How long until you’re hiding something?

I came across an interesting discussion recently. The content doesn’t matter, but there are a few things to think about ..

Let me summarize the issue:

  • – years ago, something happened
  • – Someone blogged about it
  • – People linked to that post
  • – that blog is now gone.

The reaction of some the people looking for the content now is that the original “blog owner” has attempted to erase history by not having the blog anymore. Now I’m not privy as to why the blog disappeared. Just thinking quickly, it could be that the costs of the domain/hosting/etc were no longer justified, could be that the platform it was hosted on is gone, it could be that it was no longer relevant to the owner, it could be that tiny little aliens showed up and zapped the database with their evil mind rays… the reasons don’t really matter (or do they?).

On the one hand, I see and understand thoughts from people like Dave Winer about maintaining a web presence long term, as in after you’re off the planet. On the other hand though, until you do kick the bucket, are you expected to maintain every web presence you’ve created so that hyperlinks will work until the end of time lest someone accuse you of hiding that you thought something sucked 20 years ago?

I don’t have an answer… but I admit to leaning on the Internet Archive‘s wayback machine from time to time though..

What do you think? Does online content have an expiration date? If so, who sets it?

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5 Comments

  1. The person writing the blog sets it. Personal freedom and all that.

    Isn’t that what the Internet is supposed to be all about?

    Good move not linking to the story that inspired this post, by the way. I fully support your decision.

  2. Bill Deys says:

    Yep the site’s owner decides when the site goes down, though now a day we can use things like the wayback machine to check on dead sites. Something to remember before you hit publish!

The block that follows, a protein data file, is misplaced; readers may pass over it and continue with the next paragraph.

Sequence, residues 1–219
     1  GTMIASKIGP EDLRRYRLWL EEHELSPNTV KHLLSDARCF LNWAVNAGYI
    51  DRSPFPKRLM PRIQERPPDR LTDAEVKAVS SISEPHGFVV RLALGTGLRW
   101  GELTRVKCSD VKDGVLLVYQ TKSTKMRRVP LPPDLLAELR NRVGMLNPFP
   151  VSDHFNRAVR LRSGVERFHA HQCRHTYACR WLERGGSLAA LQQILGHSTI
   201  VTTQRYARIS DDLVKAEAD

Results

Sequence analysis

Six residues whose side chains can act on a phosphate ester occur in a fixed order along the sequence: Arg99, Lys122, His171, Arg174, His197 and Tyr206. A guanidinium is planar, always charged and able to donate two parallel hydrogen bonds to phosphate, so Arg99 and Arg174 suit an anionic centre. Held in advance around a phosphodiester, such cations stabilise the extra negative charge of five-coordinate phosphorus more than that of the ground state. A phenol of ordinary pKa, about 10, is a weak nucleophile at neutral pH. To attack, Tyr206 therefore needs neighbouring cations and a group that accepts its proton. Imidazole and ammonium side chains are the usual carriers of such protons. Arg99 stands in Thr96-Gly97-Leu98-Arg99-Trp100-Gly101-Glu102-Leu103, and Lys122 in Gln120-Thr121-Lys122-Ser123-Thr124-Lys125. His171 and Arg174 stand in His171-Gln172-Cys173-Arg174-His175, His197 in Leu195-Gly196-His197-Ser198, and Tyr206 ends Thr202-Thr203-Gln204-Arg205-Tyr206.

You also have to remember that a screen capture is an easy way for anyone to save proof. That goes for both sides on the coin!

  3. julien says:

    this is actually a pretty solid idea. eventually everyone will have ‘hid’ something, no?

  4. KeiferB says:

    Yep I agree the content and it’s expiry is solely the responsibility of the creator.

  5. Mark Blevis says:

    I don’t even think it’s a matter of hiding something. It’s easy to amass a ton of content on a number of independent Internet properties. Many content creators find that eventually it is too much to manage either from a keep-current perspective or from a simple administrative perspective. Or perhaps the ship on which the content was created has sailed and it no longer bears any relevance to the creator.

    While we all get to enjoy the content that is made available, ultimately it is the creator of that content that has the right to do with it what they wish. And there should be no reason for others to take issue with the decision of the creator.

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